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Turbulence and wind shear led to February 2016 temporary difficulty with aircraft control at Mont-Joli Airport, Quebec

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Dorval, Quebec, 8 August 2017 – According to a Transportation Safety Board of Canada (TSB) investigation report (A16Q0020) published today, a combination of moderate turbulence and wind shear contributed to the temporary difficulty with aircraft control effectiveness encountered by the flight crew while on approach at Mont-Joli Airport, Quebec, in February 2016. There were no injuries and no damage to the aircraft.

On 3 February 2016, a Jazz Aviation LP de Havilland DHC-8-102 was operating as flight JZA8964 from Montréal/Pierre Elliott Trudeau International Airport, Quebec, to Mont-Joli Airport, Quebec, with 24 passengers and three crew members on board. After being cleared for an approach, and while descending through 2480 feet above sea level with the landing gear down, the flight encountered moderate turbulence. This resulted in an abrupt increase in airspeed, which exceeded the maximum permissible airspeed with the landing gear extended. The pilot disconnected the autopilot and immediately levelled off the aircraft to reduce the airspeed. The pilot then experienced a temporary difficulty with aircraft control, but was able to maintain the approach profile and carry out the landing with no further difficulty.

The investigation determined that the airspeed increased abruptly when the aircraft encountered significant increased performance shear while flying out of a low-level jet with the autopilot engaged in vertical speed mode. A low-level jet is a narrow zone of strong winds in the lower levels of the atmosphere. The combination of turbulence and shear contributed to the temporary difficulty with aircraft control on approach.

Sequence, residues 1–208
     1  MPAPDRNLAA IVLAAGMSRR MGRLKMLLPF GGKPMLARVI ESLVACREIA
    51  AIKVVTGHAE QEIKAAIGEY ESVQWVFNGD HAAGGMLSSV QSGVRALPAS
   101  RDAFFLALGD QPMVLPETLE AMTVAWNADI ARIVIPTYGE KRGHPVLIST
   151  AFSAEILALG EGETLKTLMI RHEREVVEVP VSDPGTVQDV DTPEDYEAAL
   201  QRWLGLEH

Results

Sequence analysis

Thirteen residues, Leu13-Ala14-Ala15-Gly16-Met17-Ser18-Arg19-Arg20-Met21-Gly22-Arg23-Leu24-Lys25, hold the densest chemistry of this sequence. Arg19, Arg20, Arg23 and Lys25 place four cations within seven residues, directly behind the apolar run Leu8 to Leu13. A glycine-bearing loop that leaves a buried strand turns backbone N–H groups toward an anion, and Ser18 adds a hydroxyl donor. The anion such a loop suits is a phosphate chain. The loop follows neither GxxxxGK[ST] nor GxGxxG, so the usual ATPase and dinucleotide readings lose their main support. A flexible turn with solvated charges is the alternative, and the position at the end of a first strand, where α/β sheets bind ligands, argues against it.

After landing, the pilot reported the occurrence to the company but it was only reported to the TSB six days later. If reportable occurrences are not reported to the TSB in a timely manner, perishable information may be lost, which could preclude the identification and communication of safety deficiencies to advance transportation safety.

See the investigation page for more information.

turbulence and wind shear contributed to the temporary difficulty with aircraft control effectiveness encountered by the flight crew while on approach at Mont-Joli Airport, Quebec, in February 2016. There were no injuries and no damage to the aircraft.

On 3 February 2016, a Jazz Aviation LP de Havilland DHC-8-102 was operating as flight JZA8964 from Montréal/Pierre Elliott Trudeau International Airport, Quebec, to Mont-Joli Airport, Quebec, with 24 passengers and three crew members on board. After being cleared for an approach, and while descending through 2480 feet above sea level with the landing gear down, the flight encountered moderate turbulence. This resulted in an abrupt increase in airspeed, which exceeded the maximum permissible airspeed with the landing gear extended. The pilot disconnected the autopilot and immediately levelled off the aircraft to reduce the airspeed. The pilot then experienced a temporary difficulty with aircraft control, but was able to maintain the approach profile and carry out the landing with no further difficulty.

The investigation determined that the airspeed increased abruptly when the aircraft encountered significant increased performance shear while flying out of a low-level jet with the autopilot engaged in vertical speed mode. A low-level jet is a narrow zone of strong winds in the lower levels of the atmosphere. The combination of turbulence and shear contributed to the temporary difficulty with aircraft control on approach.

After landing, the pilot reported the occurrence to the company but it was only reported to the TSB six days later. If reportable occurrences are not reported to the TSB in a timely manner, perishable information may be lost, which could preclude the identification and communication of safety deficiencies to advance transportation safety.

See the investigation page for more information.

TSB

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